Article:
by Sigma Editorial Staff

The current situation in Libya led to important decisions in the Berlin Conference. Libya has been going through a tough time both on military and political fronts, currently struggling under dual power. Since the invasion of the coalition in Libya and the murder of Muammar Gaddafi in 2011, the bloodshed in the country has not stopped. Nowadays, Libya is considered a hotbed of terrorism and the slave trade. Many countries have already sent troops to the region, including Turkey. As a result of the conference, 55 items were signed without consideration for the concerns of some of the participating countries.

Delegations, led by Faiso Saraj for the government and Marshall Khalif Haftar representing for the national army, met in the German capital. The conference was attended by a crowded delegation from Russia led by President Putin, as well as Germany, USA, Turkey, Egypt, France, Great Britain, Italy, Algeria, The EU, the African Union and the League of Arab states.

The conference went back to most of the previous decisions that were made in 2011-2015, the UN Security Council, where it was a ceasefire and disarming of Libya was decided, as well as not interfering in internal political affairs, and restoring constitutional law. The conference was a diplomatic one as only agreements were concluded and nobody can control nor force the execution of the aforementioned agreements. The highlight of the agreement was the disarmament. Since the region is crawling with weapons, deciding on disarmament on paper is not nearly enough and specific actions must be taken. How these actions will be taken remains unclear.

As for the interests in the EU regarding the Libyan crisis, Europe is relieved. Firstly, there will be no new flow of refugees. Secondly, there is the matter of oil. Hafter did not sign the final version of the ceasefire agreements, holding a trump card in his hands. The territory controlled by Hafter has large oil reserves and he captured more strategically important territory with oil. The 55 item agreement will go to the Security Council of the UN where it will be reviewed and most likely approved.

Read More: The Libyan Stalemate 

As for the agreements itself, Libya categorically does not want international intervention or a military presence in their country. They required the reporting of all terrorist organizations as well as external forces that are around these power groups. The main desire of the parties is to prevent the collapse of the country. One of the fundamental clauses of the agreement is bout the ceasefire – clause 9. Although a ceasefire has been discussed since 2011, something tangible is yet to happen. However, The Russian-Turkish efforts and cooperation both in Moscow and Istanbul to resolve the situation in Libya have made the ceasefire more feasible than ever. Although the ceasefire must be continual, as emphasized by the agreement, it is clear that the goal has not been fully achieved yet.

One of the fundamental points in the settlement, regarding the conflict, is disarmament – the cessation of weapon supplies from outside and military intervention by other forces. The main point here is the desire to stop the air operations. It should be noted that the air operations are carried out precisely by the Hafter forces. Hafter is the separatist part of the conflict. The balance is unequal when one side has the possibility of air operations since everyone is equal on the ground.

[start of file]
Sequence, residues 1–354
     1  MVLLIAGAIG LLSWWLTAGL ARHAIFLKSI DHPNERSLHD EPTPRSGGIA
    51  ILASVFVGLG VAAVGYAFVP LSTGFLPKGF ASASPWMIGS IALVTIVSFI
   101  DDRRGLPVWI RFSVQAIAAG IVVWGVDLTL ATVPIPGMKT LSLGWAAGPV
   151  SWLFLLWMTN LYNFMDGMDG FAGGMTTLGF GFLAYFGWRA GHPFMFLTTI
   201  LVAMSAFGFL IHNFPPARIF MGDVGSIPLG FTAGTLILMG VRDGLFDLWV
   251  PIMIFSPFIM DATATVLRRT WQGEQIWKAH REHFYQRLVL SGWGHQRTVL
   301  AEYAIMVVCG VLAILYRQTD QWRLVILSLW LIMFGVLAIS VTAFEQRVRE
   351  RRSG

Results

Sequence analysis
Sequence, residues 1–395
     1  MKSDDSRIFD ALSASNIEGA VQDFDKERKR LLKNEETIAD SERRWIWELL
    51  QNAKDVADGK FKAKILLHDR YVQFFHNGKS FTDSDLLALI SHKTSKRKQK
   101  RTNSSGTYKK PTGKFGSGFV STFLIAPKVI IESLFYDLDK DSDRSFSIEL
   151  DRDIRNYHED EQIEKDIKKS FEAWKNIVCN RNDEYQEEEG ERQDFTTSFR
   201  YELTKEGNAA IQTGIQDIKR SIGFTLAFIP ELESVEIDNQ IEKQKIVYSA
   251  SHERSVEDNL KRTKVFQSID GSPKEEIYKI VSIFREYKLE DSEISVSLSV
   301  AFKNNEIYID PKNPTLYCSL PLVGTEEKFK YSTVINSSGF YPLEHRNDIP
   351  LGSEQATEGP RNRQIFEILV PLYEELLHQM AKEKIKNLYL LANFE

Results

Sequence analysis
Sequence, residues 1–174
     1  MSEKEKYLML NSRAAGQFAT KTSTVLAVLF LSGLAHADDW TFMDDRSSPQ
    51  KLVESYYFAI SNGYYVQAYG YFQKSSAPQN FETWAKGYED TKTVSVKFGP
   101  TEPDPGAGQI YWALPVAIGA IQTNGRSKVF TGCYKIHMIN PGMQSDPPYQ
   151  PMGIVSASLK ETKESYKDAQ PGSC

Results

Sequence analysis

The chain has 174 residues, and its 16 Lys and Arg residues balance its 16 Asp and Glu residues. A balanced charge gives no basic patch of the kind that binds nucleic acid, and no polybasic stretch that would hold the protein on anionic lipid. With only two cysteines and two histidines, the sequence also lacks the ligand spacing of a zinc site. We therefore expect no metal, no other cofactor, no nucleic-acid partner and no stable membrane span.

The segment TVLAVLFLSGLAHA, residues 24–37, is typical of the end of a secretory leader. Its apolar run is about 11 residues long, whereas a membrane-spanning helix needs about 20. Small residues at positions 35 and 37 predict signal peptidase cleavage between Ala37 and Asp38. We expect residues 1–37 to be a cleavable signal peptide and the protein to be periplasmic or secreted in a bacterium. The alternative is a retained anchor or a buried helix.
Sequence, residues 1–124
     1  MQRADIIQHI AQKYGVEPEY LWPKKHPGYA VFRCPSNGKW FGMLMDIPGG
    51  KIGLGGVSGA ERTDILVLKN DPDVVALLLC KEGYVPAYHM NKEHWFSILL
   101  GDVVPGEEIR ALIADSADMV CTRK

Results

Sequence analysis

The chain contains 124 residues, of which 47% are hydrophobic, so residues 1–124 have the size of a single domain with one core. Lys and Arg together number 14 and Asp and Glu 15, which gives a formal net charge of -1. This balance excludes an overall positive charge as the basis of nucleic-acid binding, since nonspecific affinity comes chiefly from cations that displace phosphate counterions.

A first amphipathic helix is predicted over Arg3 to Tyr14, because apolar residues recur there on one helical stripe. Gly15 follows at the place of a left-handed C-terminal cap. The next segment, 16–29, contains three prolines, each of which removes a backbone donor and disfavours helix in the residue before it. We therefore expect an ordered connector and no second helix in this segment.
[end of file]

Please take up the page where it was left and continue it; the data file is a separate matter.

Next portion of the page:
The 10th paragraph of the agreement refers to the cessation of the movement of the opposing forces which will be controlled by monitoring groups. The 15th paragraph defines the transfer of control of the ceasefire to UN international control, as well as the creation of appropriate committees.

In the event of parties breaking the agreement, it is required of ON to determine means and methods of influence which includes arms embargo. While this comes across as sound in theory, in practice it is very difficult to do here considering Libya’s geographical location and its access to the sea. As far as controlling the situation in Libya goes, it is anyone’s job to do so and report any misdemeanor since the country does not have a legitimate governing body that holds power over the country as a whole.

Turkey plays the role of the peacemaker in this conflict. Turkey supports the side of Saraj who has no military advantage over Hafter in the air. Therefore, at the negotiation table, Turkey had a focus on air operations. The reason for this focus being, if Turkey manages to equalize the forces on the table, they won’t have to take military action. Hafter’s air forces came about through the control of oil resources and in order to maintain that position he needs to have an advantage in the air.

The agreement faced a roadblock on Hafter’s part as far as air control and oil regulations. It makes little sense since Hafter is not an official government but a party to the conflict. He is simply the commander of the separatist army in Libya against the government recognizes UN. Hafter does not have his own movement at the base of his organization since he did not create the structure that can be recognized in the international arena.

As for the results of the conference and the agreements that were reached, a long and active process will being – both diplomatic and military. A mechanism and plan to take action is being created for all related structures to resolve the conflict. But the peace process itself remains with Libya. It shouldn’t be forgotten that the international community can only create the opportunity to sit the parties in the negotiating table. If this system works, we can expect tangible results for the region as a whole.

Read More: Loving Dictators Is As American As Apple Pie